As part of its ongoing commitment to ensuring a safe and welcoming learning environment for all students, Fayette County Public Schools partnered with community leaders, law enforcement officials and the U.S. Attorney’s Office to kick-off the 2015-16 school year with an anti-bullying summit for high school students.

“Our school campuses must be safe places for all students,” said Fayette County Public Schools Superintendent Manny Caulk. “There is no room for discrimination, bullying or hate in our school district.”

The goal of Thursday’s event was to raise awareness about the harmful impact of bullying and to promote tolerance in schools. The summit specifically focused on equipping students to know how to respond if they witness bullying or are a victim of bullying.

While Fayette County Public Schools has strong policies to protect students against harassmentand bullying, national statistics from the Centers for Disease Control and Prevention report that roughly 1 in every 5 high school students has experienced bullying.

Increased education and attention to the issue has had an impact in FCPS. In the past five years, while our enrollment has risen by more than 3,000 students, the number of reported incidents of bullying or harassment in Fayette County schools has been cut nearly in half – from 1,019 incidents in the 2010-11 school year to 533 last year.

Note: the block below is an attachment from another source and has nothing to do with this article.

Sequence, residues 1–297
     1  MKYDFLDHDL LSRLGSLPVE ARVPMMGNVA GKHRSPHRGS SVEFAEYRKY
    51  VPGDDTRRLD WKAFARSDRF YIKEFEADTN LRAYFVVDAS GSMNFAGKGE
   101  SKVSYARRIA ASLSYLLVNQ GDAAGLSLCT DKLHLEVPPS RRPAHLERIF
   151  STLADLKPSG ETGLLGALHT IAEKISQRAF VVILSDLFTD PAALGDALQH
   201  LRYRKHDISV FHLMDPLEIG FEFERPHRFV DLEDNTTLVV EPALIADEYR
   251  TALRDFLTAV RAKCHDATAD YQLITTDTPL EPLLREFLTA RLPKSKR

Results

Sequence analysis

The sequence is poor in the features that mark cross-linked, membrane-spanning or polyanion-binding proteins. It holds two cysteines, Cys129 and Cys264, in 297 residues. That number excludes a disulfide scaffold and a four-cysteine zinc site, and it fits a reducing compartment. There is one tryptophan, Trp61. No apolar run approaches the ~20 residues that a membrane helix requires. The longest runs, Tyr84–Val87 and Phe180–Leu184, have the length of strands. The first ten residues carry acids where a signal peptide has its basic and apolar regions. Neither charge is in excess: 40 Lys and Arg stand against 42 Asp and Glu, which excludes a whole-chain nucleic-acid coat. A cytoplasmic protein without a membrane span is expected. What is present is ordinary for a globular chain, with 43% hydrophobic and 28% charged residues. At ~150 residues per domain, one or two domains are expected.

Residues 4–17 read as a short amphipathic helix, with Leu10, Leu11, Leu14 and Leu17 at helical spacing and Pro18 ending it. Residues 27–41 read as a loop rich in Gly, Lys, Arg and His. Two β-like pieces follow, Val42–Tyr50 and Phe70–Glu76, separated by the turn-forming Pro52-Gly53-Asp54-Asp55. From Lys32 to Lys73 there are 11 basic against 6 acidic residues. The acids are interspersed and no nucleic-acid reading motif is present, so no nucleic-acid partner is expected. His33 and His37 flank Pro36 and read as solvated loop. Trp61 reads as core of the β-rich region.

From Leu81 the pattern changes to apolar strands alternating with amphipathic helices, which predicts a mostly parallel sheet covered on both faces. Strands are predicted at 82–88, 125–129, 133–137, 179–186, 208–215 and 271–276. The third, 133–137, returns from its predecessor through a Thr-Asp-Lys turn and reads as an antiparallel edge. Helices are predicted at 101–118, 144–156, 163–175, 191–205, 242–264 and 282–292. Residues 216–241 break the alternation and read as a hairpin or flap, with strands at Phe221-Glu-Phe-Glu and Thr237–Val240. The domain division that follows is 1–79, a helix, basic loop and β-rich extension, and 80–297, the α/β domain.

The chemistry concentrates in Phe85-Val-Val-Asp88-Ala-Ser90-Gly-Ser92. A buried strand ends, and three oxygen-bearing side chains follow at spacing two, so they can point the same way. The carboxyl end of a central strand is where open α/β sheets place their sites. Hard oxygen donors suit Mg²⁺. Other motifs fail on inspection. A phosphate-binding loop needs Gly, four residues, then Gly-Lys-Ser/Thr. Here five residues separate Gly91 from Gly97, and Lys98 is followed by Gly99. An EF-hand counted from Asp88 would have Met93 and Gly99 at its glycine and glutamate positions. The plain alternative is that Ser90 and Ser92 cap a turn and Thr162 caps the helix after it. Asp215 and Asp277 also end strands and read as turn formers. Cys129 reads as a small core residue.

The parents of Matthew Shepard addressed 450 students about bullying.

The parents of Matthew Shepard addressed 450 students about bullying.

U.S. Attorney Harvey Encourages Thousands of High School Students to Value Voting Rights

U.S. Attorney Kerry B. Harvey spoke to more than a thousand high school students in eastern Kentucky, encouraging them to value and exercise their right to vote. The U.S. Attorney’s Office makes the prosecution of vote buying cases a high priority. Convictions in these cases serve as a deterrent to citizens buying or selling their vote. U.S. Attorney Harvey’s presentation is recognition of the role youth can play in a culture where many people accept vote buying as a common practice.

“You are the generation that can change the culture in your community,” said U.S. Attorney Harvey. “You deserve the right and freedom to vote with the confidence that you voted for a candidate as part of an honest election process.”

U.S. Attorney Harvey made presentations to four different high school sophomore classes. The presentations were intended to help students gain an appreciation of the right to vote by discussing the evolution of voting rights in America. To support this message, he told stories of American heroes who sacrificed to gain voting equality for all genders and races. Additionally, Harvey referenced the obstacles voters of the early 20th century had to face, such as poll taxes and literacy tests, which frequently prevented citizens from exercising their constitutional right to vote.

Earlier this year, U.S. Attorney Harvey’s office obtained guilty pleas from eight defendants, including a circuit court judge, a school superintendent and the county clerk, in a racketeering case where public officials purchased votes in local elections in Clay County. In 2012, more than ten defendants pleaded guilty in federal court to charges related to vote buying in Breathitt County.

United States Attorney Kerry B. Harvey and high school students

United States Attorney Kerry B. Harvey addressing high school students on voting rights.

United States Attorney Kerry B. Harvey and high schools students

United States Attorney Kerry B. Harvey addressing high school students on voting rights.

United States Attorney Kerry B. Harvey and high schools students

United States Attorney Kerry B. Harvey addressing high school students on voting rights.

Updated August 30, 2016

Was this page helpful?

Was this page helpful?
Yes No